Seller Beware: Adverse Possession and Statutory Warranty Deeds


The Washington Court of Appeals recently issued its opinion in Rowe vs. Klein, which teaches that sellers of property in Washington should exercise caution before agreeing to give a deed with warranties of title, such as a statutory warranty deed.

Adverse Possession Results in Quiet Title Lawsuit, and Statutory Warranty Deed Results in Warranty Lawsuit against Seller.

In Rowe vs. Klein, one neighbor (Rowe) sued another (Klein).  Rowe argued that he had acquired title to a portion of Klein’s property by virtue of adverse possession.  Specifically, Rowe argued that he had adversely possessed the disputed land for a period of ten years from 1974 to 1984 – long before Klein bought the neighboring property.  The trial court agreed and entered judgment in favor of Rowe.  In response, Klein sued the person (Adams) who had sold Klein his property in 2008, arguing that Adams breached the warranties of title under the statutory warranty deed by not defending Klein in Rowe’s adverse possession lawsuit.  Klein’s lawsuit against Adams was filed more than six years after the sale from Adams to Klein.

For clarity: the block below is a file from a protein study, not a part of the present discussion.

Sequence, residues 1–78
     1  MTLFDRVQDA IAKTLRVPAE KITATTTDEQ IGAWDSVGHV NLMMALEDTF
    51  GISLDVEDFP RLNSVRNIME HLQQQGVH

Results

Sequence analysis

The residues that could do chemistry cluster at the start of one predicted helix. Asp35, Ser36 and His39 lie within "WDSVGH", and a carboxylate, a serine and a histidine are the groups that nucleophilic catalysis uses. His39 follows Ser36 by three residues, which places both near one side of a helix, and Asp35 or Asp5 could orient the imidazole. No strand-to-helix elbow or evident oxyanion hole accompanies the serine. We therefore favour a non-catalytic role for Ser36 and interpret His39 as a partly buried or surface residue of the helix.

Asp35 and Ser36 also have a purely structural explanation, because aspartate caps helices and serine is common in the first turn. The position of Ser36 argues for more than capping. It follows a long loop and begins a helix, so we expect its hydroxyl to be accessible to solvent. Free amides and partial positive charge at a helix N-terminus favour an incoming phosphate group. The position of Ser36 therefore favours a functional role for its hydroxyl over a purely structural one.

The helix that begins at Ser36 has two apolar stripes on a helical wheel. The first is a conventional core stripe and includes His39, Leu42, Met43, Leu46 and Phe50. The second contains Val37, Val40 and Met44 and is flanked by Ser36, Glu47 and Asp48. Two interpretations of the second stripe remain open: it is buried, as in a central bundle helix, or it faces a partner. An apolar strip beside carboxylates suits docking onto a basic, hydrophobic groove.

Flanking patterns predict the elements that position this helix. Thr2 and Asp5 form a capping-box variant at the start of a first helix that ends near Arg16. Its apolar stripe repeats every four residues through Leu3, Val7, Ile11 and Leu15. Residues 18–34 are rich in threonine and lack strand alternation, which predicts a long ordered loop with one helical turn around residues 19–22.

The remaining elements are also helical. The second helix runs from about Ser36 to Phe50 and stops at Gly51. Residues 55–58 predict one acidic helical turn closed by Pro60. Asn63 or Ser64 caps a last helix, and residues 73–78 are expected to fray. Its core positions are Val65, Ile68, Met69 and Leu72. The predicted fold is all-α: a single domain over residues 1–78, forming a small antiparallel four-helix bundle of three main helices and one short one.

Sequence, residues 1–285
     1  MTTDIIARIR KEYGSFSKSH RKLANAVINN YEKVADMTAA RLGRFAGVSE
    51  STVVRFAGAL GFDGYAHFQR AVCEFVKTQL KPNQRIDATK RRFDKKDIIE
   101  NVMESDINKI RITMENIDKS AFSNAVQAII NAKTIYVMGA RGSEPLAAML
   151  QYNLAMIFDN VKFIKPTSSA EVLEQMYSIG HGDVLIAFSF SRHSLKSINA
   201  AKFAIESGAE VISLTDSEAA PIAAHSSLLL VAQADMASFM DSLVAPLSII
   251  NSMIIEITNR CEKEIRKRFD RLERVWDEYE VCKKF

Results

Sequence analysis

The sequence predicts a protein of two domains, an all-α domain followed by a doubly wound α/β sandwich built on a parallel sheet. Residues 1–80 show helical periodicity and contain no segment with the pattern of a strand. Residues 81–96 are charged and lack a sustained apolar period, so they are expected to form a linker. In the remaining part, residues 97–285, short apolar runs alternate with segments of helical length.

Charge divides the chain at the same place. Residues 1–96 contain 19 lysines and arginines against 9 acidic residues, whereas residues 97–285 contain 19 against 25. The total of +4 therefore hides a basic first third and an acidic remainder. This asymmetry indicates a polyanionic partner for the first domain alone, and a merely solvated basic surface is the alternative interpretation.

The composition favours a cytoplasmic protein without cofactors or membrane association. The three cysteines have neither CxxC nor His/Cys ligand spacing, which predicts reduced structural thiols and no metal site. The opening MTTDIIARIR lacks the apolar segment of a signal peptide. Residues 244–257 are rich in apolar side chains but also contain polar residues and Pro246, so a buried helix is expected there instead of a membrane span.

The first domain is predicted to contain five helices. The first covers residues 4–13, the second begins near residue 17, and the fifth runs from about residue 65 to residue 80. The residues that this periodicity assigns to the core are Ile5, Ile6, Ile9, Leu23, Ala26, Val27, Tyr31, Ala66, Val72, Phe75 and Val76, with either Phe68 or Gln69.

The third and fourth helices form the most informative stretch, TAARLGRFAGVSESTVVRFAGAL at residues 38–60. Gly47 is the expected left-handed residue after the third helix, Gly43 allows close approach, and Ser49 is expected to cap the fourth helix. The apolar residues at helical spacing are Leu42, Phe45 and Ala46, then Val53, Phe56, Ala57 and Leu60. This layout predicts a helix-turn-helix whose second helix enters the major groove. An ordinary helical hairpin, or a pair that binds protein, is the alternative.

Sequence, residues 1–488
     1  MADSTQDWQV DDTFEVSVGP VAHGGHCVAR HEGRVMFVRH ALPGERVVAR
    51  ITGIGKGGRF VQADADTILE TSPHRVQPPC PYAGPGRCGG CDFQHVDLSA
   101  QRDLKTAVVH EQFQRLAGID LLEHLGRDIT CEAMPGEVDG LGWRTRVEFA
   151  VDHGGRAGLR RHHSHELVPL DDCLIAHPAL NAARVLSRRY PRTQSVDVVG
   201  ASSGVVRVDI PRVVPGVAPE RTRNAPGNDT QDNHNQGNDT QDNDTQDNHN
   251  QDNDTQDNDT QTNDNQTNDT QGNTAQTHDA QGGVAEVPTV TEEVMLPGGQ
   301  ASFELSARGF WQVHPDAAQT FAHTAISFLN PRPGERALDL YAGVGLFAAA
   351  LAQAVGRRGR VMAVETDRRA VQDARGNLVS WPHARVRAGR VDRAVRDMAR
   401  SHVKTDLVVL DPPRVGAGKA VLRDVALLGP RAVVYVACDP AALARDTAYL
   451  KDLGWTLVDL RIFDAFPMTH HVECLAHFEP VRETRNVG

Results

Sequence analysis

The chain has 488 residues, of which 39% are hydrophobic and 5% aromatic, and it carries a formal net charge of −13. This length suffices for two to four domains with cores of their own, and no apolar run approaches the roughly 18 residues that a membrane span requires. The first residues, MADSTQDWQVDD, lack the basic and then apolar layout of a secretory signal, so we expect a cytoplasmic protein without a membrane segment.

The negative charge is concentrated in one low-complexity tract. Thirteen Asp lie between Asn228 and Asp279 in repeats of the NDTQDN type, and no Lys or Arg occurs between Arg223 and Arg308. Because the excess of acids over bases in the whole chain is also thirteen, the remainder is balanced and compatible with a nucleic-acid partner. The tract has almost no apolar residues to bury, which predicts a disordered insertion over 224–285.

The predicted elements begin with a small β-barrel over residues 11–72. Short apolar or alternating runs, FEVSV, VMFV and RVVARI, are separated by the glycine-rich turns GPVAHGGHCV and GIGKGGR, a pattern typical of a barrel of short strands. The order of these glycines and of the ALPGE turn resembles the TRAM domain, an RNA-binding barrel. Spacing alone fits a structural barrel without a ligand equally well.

Warranty Lawsuit Not Barred by Six-Year Statute of Limitations.

Adams argued that Klein’s lawsuit was time-barred by the six-year statute of limitations that applies to written contracts in Washington.  The Court of Appeals disagreed and allowed Klein’s lawsuit against Adams to move forward.  In other words, Klein, as buyer, was allowed to sue Rowe, as seller, based on adverse possession by a neighbor that occurred more than 30 years before the lawsuit – all because Adams gave Klein a statutory warranty deed in a sale that closed more than six years before the lawsuit.

Statutory Warranty Deeds Can Have Long-Lasting, Unintended Consequences.

Many real estate professionals use statutory warranty deeds on a regular basis, often as a matter of habit.  But as Rowe vs. Klein illustrates, statutory warranty deeds can have far-reaching, unintended consequences for sellers.  Sellers should carefully consider with their attorney whether or not they should give the buyer a statutory warranty deed.